[Source: Design News]

T-Mobile Poland deploys ONF’s open-source EPC

T-Mobile Poland is using OMEC’s gateway control, user plane and billing components to deliver a Fixed Mobile Substitution (FMS) service to its customers. The OMEC components include standard 3GPP interfaces for interconnecting to T-Mobile’s existing base stations, mobility management entities and lawful intercept platforms.

Michal Sewera, head of the EPC Shared Service Center at T-Mobile Poland, commented, “Our OMEC deployment provides us with a lightweight packet core providing connectivity, billing and charging at scale for a large number of fixed-mobile subscribers.

[Source: Mobile Europe]

Copyright Notices in Open Source Software Projects

“What copyright notice should appear at the top of a file in an OSS project with many contributors?” This is a question we get all the time. Many of our communities have discussed this issue and aligned on a common approach that we thought would be useful to share.

When source code, documentation and other content is contributed to an OSS project, the copyrights in those contributions typically remain owned by the original copyright holders1.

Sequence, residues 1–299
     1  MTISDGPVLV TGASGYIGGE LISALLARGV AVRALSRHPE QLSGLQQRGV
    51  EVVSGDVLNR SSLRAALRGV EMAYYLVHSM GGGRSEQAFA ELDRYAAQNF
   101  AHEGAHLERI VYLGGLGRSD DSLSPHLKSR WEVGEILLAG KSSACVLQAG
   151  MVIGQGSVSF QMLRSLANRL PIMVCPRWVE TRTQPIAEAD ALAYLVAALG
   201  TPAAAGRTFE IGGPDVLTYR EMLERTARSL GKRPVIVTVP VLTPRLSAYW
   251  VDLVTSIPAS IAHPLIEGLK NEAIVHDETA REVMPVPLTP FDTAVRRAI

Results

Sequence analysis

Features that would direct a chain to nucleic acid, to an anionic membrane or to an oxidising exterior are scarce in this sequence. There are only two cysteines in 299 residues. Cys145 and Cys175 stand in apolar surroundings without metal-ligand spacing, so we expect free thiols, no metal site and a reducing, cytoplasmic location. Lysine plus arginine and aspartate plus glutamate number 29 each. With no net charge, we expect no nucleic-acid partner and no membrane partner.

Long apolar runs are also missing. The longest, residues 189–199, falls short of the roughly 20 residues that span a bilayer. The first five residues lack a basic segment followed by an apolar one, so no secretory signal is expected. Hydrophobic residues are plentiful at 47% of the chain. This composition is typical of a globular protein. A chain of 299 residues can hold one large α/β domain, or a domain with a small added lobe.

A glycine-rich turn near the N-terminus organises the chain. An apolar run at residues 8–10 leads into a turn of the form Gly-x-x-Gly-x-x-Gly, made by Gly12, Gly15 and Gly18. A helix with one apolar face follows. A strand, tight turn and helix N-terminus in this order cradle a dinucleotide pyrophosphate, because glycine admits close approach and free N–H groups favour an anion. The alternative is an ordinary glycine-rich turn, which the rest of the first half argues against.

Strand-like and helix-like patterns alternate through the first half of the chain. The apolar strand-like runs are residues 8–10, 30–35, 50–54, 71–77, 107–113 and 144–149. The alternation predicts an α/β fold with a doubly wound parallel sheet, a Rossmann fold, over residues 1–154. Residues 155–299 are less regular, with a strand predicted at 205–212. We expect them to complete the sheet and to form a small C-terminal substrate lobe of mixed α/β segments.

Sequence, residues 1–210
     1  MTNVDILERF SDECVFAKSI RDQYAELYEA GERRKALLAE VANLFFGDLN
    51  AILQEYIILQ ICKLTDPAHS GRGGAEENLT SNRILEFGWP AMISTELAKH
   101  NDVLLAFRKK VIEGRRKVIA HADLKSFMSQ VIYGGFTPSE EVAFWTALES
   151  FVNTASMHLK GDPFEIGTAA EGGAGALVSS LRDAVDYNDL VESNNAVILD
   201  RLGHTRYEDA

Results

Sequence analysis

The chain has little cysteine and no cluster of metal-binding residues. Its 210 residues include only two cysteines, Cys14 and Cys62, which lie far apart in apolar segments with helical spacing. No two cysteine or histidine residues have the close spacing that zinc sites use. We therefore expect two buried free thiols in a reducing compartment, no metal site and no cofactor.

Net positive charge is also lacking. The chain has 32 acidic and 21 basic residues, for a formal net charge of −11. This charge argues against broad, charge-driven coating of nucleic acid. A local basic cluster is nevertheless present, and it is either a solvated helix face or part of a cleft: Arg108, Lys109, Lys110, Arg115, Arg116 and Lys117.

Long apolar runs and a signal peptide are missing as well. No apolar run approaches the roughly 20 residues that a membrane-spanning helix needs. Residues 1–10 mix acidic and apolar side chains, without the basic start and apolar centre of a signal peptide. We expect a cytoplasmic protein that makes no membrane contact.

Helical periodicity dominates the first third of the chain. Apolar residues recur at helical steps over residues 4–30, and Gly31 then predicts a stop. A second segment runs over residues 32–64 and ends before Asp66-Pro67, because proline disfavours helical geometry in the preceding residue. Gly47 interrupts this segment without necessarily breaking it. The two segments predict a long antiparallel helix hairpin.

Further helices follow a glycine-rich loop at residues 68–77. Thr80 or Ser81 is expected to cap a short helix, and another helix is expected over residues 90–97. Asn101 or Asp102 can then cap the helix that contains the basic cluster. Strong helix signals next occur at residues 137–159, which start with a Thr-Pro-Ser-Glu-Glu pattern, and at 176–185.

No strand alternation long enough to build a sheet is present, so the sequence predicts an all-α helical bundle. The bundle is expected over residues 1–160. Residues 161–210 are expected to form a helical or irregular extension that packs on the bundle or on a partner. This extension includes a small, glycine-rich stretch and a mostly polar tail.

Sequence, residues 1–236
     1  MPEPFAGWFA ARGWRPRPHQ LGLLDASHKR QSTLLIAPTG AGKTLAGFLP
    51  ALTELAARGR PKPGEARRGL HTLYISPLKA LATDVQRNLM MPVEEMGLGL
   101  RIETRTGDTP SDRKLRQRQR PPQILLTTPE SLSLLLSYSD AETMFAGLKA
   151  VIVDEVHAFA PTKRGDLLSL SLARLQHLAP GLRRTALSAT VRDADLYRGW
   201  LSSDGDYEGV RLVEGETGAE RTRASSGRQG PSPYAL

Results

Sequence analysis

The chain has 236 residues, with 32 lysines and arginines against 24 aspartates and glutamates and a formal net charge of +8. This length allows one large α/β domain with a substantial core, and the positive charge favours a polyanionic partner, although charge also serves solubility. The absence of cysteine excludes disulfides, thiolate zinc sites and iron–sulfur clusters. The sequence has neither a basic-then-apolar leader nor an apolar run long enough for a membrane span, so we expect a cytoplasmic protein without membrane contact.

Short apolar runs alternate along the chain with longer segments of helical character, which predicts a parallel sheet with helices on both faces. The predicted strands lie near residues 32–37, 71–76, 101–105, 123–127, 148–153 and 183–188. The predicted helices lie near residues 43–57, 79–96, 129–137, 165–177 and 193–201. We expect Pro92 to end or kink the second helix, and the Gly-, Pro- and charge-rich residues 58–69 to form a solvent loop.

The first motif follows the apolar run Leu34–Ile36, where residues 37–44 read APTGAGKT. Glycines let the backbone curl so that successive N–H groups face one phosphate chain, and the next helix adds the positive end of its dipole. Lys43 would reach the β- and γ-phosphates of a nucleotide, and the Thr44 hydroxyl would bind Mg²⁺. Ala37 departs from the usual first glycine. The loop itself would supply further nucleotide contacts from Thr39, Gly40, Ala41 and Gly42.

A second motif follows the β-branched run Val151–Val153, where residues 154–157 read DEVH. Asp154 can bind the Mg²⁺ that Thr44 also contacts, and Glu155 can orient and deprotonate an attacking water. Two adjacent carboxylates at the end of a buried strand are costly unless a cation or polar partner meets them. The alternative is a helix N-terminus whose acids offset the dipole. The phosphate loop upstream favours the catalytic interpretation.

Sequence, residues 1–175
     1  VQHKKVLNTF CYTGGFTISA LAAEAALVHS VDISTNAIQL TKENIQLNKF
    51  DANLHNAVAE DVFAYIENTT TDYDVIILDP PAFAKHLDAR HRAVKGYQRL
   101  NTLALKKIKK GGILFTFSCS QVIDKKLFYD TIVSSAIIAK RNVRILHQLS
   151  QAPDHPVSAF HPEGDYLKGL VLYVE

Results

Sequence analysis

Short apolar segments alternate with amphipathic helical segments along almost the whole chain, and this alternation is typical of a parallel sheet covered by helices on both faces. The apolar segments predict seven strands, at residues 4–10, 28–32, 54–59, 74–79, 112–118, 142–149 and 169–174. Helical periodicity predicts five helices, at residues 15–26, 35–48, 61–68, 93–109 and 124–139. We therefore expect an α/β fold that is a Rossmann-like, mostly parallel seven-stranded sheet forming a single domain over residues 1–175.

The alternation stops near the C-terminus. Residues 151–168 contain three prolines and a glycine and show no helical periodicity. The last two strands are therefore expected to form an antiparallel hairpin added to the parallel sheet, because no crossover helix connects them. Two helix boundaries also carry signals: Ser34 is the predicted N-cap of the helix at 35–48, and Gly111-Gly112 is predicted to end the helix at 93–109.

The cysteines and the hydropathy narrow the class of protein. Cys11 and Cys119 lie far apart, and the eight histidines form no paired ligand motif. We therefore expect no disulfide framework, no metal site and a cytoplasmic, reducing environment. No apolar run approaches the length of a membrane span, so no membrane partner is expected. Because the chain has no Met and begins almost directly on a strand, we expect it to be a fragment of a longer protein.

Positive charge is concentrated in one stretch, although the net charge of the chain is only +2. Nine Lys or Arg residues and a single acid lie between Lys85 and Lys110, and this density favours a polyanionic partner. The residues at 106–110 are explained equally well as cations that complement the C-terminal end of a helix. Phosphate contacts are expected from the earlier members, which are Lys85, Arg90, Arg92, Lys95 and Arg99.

[Source: Linux Foundation Blog]

AWS announces AutoGluon, an open-source library for writing AI models

Amazon Web Services Inc. today launched a new open-source library to help developers write, with just a few lines of code, machine learning-based applications that use image, text or tabular data sets. Building machine learning apps that rely on such data isn’t an easy task. For example, developers need to know how to tune the “hyperparameters” that represent the choices made when constructing an AI model. They also need to grapple with issues such as neural architecture search, which enables them to find the best architecture design for their machine learning models.

[Source: Silicon Angle]

Firefox 72 Released with Improved Tracking Protection + More

Mozilla Firefox 72 is now available to download, the latest in the web browser’s new monthly release cycle. The headline change in Firefox 72 for Linux and macOS users is out-of-the-box support for picture-in-picture video support on sites like YouTube and Netflix.
[Source: OMG! Ubuntu]

CNCF upgrades Falco runtime security tool to incubator status

Falco, originally created by Sysdig in 2016, is approved to join CNCF Incubation after 257% increase in downloads. The CNCF’s only open source Kubernetes runtime security project has more than 8.5 million downloads as runtime security becomes cemented as a standard component of the cloud-native stack. Falco entered the CNCF as a Sandbox Project in October 2018, the first and still the only runtime security technology to join. In the event of unexpected behavior at runtime, Falco detects and alerts, reducing the risk of a security incident.
[Source: TFiR]